HIV is still a major health problem in developing countries. Even though high HIV-risk-taking behaviors have been reported in African fishing villages, local distribution patterns of HIV infection in the communities surrounding these villages have not been thoroughly analyzed. The objective of this study was to investigate the geographical distribution patterns of HIV infection in communities surrounding African fishing villages. In 2011, we applied age- and sex-stratified random sampling to collect 1,957 blood samples from 42,617 individuals registered in the Health and Demographic Surveillance System in Mbita, which is located on the shore of Lake Victoria in western Kenya. We used these samples to evaluate existing antibody detection assays for several infectious diseases, including HIV antibody titers. Based on the results of the assays, we evaluated the prevalence of HIV infection according to sex, age, and altitude of participating households. We also used Kulldorff’s spatial scan statistic to test for HIV clustering in the study area. The prevalence of HIV at our study site was 25.3%. Compared with the younger age group (15–19 years), adults aged 30–34 years were 6.71 times more likely to be HIV-positive, and the estimated HIV-positive population among women was 1.43 times larger than among men. Kulldorff’s spatial scan statistic detected one marginally significant (P = 0.055) HIV-positive and one significant HIV-negative cluster (P = 0.047) in the study area. These results suggest a homogeneous HIV distribution in the communities surrounding fishing villages. In addition to individual behavior, more complex and diverse factors related to the social and cultural environment can contribute to a homogeneous distribution pattern of HIV infection outside of African fishing villages. To reduce rates of transmission in HIV-endemic areas, HIV prevention and control programs optimized for the local environment need to be developed. PMID:26862764

  5. Substance use in older HIV-infected patients.

    PubMed

    Edelman, E Jennifer; Tetrault, Jeanette M; Fiellin, David A

    2014-07-01

    Substance use may persist throughout the life course and has a substantial impact on health outcomes globally. As HIV-infected individuals are disproportionately impacted by substance use and living longer, it is critical that providers and researchers alike understand the impact of substance use on older, HIV-infected patients and potential treatment options. To this end, we conducted a review of the literature focusing on the most commonly used substances to outline the epidemiology, health consequences, treatment options and latest research relevant to older, HIV-infected patients. Substance use impacts older, HIV-infected patients with regards to HIV-related and non-HIV-related outcomes. Counseling strategies are available for marijuana and stimulant use disorders. Brief counseling is useful alongside medications for alcohol, tobacco and opioid use disorders. Many medications for alcohol, tobacco and opioid use disorders are safe in the setting of antiretroviral therapy. Unfortunately, few interventions targeting substance use in older, HIV-infected patients have been developed and evaluated. As older, HIV-infected patients continue to experience substance use and its related health consequences, there will be a growing need for the development of safe and effective interventions, which address the complex needs of this population.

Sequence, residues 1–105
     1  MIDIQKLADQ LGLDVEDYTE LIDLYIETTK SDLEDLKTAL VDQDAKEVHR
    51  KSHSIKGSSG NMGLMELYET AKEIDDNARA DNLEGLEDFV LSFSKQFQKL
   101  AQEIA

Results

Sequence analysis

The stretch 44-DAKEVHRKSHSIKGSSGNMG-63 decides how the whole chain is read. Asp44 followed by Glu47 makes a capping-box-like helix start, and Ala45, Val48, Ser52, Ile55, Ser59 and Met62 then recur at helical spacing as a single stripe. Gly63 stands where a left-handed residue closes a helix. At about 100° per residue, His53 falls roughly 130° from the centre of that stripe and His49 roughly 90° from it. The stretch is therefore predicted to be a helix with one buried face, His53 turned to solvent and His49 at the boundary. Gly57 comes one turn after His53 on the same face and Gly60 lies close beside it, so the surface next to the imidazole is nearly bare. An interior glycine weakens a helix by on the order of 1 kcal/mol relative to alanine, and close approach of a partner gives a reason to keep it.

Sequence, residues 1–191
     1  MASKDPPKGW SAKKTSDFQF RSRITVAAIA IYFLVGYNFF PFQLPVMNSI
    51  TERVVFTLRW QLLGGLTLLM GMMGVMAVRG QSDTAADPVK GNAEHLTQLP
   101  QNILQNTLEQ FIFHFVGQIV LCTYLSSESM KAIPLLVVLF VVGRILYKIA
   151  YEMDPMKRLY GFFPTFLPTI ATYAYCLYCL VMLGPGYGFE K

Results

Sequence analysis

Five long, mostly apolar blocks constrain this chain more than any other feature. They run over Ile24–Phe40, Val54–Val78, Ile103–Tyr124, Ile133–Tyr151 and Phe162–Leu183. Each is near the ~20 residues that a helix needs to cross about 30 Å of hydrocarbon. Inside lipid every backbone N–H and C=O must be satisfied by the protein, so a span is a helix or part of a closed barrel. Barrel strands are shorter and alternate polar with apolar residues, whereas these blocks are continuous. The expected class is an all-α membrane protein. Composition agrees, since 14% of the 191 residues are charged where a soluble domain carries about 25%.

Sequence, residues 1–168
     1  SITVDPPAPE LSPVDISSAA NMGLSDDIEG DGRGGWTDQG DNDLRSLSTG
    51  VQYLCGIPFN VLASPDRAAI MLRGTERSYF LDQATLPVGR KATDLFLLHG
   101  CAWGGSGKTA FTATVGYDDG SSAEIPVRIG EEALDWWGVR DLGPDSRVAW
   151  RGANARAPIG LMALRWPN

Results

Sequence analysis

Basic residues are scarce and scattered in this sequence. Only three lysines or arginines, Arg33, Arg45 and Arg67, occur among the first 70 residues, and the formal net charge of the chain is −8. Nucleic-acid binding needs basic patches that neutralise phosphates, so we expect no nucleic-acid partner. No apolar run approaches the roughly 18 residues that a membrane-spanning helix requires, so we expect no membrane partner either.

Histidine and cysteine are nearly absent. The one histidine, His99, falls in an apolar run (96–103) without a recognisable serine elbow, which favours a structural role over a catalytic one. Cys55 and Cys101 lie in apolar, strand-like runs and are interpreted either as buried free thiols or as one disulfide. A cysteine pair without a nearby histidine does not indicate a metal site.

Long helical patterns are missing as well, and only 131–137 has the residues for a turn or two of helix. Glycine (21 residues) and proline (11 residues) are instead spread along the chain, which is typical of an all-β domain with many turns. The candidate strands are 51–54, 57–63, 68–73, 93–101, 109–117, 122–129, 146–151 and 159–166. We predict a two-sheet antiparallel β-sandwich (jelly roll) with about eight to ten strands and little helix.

6. Women and HIV infection: the makings of a midlife crisis.

    PubMed

    Santoro, Nanette; Fan, Maria; Maslow, BatSheva; Schoenbaum, Ellie

    2009-11-20

    With the advent of highly active antiretroviral agents, women with HIV infection can expect to live longer than ever before. This increased survival has led to concerns about the long-term implications of HIV disease and its treatment. Women with HIV infection appear to lose ovarian function earlier in life than women without HIV infection. They also have evidence of reduced bone mineral density and increased cardiovascular risk. Moreover, many of these increases in risk factors are present even prior to the menopausal transition. All of these risks, present at midlife, augur poorly for future health and describe a substantially increased burden of disease likely to accrue to HIV-infected women as they enter older age groups. Further compounding the adversity faced by the HIV infected, the demographics of women most vulnerable to this disease include adverse social and economic influences, both of which worsen their long-term prognosis. For example, drug use and poverty are related to more severe menopausal symptoms and chronic stress is related to worse psychological and cardiovascular risk. An understanding of how menopause interacts with HIV infection is therefore most important to alert the clinician to perform surveillance for common health problems in postmenopausal women, and to address directly and appropriately symptomatology during the menopausal transition.

  7. Women and HIV Infection: The Makings of a Midlife Crisis

    PubMed Central

    Santoro, Nanette; Fan, Maria; Maslow, BatSheva; Schoenbaum, Ellie

    2009-01-01